Think about the vast knowledge that your employees have about how things really work at your place.  Have you mined their data and sought their input on what needs attention?  Have you cultivated them to become a brand ambassador, not just an employee?

Work hard to create an environment where your people take the initiative to fix things themselves or at least tell you and not the customers what is on the to-do list.

-- beth triplett


Sunday, September 13, 2015

#1199 no place like home

Football season is underway, and with it comes a frenzy of supplies for the fans.  Team apparel displays are everywhere and the grocery aisles are packed with football-themed snacks for all to enjoy.

Tailgating has always been a big draw for fans and retailers alike, but the vast majority of people watch the game on television instead of in person.  Target has capitalized on this trend by promoting supplies for "homegating" -- celebrating the sporting event from your own home.

Homegating is a great way to generate excitement (and sales) by making something that seems routine into a special event.  It acknowledges the way that most consumers actually view sports and implicitly gives them permission to expand the experience beyond the game itself.

Is there something like homegating that applies to your organization?  Can you encourage people to replicate an experience at home without having to attend the event?  Are there ways to make a routine function into something special?  

Homegating isn't the same as being there, but depending upon the weather, it may even be better.  Pass the remote please!

-- beth triplett


Saturday, September 12, 2015

#1198 stumping

I wonder why so many people are running for President this year.  I know that there are always many candidates before the caucuses/primaries get into full swing, but this year it seems that the number exceeds any previous election.  I am curious as to what is prompting the multitudes to throw their name into the hat. The campaign circuit has become a Tower of Babel with so many voices drowning out any meaningful dialogue.

I think of all the time and money that is being spent on these preliminary campaigns.  We could probably make a dent in the national debt if all the funds from the candidates and PACs were directed to the Treasury instead of to the media, pollsters and political infrastructure.  All but two of these people are spending millions of dollars and thousands of hours in a losing effort.

It is 2015.  Do the early candidates really need to stump around Iowa in person, attending the State Fair and posing for photos?  Does this popularity pitch really serve us well when determining who should next lead our great nation?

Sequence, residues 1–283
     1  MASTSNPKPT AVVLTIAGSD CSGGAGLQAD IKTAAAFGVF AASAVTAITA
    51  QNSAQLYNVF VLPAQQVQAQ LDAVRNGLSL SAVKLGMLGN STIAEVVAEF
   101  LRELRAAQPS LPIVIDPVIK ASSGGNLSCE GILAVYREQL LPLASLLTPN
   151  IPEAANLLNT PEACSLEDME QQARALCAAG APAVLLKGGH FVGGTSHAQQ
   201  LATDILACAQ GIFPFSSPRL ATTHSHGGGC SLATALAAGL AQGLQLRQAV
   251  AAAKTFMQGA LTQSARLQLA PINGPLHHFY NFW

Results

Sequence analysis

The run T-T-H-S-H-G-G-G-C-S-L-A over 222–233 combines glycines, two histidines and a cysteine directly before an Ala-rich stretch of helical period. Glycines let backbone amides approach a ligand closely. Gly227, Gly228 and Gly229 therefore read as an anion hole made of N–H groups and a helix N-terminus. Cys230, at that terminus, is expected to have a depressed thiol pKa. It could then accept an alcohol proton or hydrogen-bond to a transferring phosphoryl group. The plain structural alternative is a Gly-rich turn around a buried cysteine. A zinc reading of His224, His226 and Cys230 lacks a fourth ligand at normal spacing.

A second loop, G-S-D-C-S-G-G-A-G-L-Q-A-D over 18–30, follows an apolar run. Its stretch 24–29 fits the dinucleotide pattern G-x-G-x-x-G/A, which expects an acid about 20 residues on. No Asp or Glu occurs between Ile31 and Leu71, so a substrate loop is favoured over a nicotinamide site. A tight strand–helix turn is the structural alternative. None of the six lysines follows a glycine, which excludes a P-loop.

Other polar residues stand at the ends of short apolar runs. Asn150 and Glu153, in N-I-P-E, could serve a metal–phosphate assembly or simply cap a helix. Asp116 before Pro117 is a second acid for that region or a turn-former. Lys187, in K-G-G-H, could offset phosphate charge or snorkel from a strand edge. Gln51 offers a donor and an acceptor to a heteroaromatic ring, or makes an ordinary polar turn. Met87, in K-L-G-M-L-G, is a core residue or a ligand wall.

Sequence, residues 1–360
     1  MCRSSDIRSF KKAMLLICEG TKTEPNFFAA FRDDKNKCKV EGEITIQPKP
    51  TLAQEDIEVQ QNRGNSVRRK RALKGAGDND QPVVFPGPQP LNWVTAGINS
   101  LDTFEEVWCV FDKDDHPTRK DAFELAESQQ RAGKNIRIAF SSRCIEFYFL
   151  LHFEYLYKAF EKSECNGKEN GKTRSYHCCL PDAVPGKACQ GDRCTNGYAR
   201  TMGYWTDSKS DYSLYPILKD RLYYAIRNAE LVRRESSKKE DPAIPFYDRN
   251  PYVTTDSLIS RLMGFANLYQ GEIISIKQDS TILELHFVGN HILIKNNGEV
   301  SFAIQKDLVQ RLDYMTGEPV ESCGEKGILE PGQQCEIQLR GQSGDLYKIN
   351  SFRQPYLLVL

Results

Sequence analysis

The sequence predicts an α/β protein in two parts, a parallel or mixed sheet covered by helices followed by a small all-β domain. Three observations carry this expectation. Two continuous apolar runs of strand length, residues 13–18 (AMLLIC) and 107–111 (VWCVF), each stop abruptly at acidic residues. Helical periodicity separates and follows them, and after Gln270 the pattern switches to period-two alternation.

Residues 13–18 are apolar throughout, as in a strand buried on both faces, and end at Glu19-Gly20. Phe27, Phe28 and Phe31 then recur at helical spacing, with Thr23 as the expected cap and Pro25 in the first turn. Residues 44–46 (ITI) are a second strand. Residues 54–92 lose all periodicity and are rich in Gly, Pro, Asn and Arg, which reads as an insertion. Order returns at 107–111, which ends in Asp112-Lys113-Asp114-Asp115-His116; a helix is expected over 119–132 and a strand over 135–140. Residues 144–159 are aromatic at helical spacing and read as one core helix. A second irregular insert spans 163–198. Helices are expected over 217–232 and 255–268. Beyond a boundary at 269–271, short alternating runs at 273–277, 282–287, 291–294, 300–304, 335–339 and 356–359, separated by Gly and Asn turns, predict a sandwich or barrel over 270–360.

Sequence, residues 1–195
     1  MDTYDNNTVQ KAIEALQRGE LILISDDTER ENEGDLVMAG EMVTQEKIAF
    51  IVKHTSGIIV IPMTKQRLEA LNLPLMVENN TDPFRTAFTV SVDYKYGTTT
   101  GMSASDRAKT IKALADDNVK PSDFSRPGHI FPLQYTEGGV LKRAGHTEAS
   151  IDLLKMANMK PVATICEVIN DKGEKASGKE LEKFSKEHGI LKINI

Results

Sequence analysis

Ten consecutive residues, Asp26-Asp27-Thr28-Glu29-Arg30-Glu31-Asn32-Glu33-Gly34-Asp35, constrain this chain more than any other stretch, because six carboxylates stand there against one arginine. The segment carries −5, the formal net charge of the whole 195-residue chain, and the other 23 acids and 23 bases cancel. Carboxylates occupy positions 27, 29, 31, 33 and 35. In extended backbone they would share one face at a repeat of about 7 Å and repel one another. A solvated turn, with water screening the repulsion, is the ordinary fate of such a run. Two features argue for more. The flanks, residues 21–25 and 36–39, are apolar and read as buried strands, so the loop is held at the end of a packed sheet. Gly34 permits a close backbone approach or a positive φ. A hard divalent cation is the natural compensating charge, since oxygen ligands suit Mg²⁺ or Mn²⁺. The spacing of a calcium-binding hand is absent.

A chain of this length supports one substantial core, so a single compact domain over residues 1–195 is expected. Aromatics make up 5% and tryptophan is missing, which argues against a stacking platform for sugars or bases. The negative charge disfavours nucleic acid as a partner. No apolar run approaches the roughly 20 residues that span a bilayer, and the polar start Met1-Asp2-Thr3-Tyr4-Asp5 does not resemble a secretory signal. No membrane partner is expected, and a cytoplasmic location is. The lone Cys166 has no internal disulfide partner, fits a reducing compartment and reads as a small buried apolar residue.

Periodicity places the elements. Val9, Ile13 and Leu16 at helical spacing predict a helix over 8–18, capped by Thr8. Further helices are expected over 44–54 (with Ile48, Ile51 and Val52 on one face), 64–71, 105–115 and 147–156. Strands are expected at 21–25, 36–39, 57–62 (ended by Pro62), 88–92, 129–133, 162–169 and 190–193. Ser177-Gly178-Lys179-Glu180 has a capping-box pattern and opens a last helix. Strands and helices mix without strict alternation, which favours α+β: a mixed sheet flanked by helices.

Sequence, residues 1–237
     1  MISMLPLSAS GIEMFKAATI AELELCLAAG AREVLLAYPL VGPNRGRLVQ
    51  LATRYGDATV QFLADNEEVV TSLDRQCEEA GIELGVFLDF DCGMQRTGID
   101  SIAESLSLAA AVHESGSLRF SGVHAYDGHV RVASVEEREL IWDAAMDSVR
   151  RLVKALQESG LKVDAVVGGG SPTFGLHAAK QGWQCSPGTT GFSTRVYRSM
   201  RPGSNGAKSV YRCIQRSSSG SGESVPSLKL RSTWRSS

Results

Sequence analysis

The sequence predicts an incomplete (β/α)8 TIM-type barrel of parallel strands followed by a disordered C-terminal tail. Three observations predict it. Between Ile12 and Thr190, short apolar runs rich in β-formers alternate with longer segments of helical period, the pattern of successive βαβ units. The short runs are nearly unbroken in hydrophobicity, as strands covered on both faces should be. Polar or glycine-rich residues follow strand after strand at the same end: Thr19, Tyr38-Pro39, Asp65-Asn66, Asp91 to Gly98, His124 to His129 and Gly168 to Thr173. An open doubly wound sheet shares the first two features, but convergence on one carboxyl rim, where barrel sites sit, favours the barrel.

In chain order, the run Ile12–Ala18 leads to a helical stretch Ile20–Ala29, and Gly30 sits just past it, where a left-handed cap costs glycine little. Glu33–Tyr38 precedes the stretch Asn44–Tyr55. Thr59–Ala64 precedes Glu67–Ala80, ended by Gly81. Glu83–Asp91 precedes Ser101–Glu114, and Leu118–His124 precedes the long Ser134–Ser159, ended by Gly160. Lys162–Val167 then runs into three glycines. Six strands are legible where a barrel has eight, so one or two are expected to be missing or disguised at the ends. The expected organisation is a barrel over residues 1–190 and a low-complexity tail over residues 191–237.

It is hard to pin someone down because the problems the president faces don't have sound bit solutions.  Even a debate doesn't lend itself to meaningful discussion when 10 candidates are vying for their minute with a live microphone. I wish there were ways we could engage the candidates in an extended forum to see how they would truly approach the job when they weren't angling for it.

If the candidates were trying to be the one to run your company, would you want more substance from them?  Would you do more research and pay more attention to their take on meaningful issues?

Don't forget that this person isn't going to lead your company, but they are going to lead your country.  Work hard to get past the hype before you make your choice.

-- beth triplett


Friday, September 11, 2015

#1197 patriot

I have one more John Deere story to share, but it did not seem right to have an ordinary blog topic on 9-11.  With each passing year, the memories of the terrorist attacks become less vivid and more people are "of age" who do not remember them except from history lessons.  This blog is a token effort to remind us to stop and reflect on the impact of this event on our country.

I recently wrote* that I visited the 9-11 mobile exhibit that was staffed by retired New York City firefighters.  One of them was asked about his feelings on the memorial that was built on the site.  "I was not for it in the beginning," he said.  "But now I see it as a way for people to remember what happened there."

I am all for whatever helps people remember what happened on this day. Maybe it is because I was in Manhattan while the site was still raw with twisted steel that this event had such an impact on me.  Perhaps it is because of the scope of damage or the vulnerability I felt because of an attack on our soil.  But this day makes me think of all the men and women who served as first responders, all those who still function in that role across the country as well as the thousands who have defended our freedoms through service in the armed forces.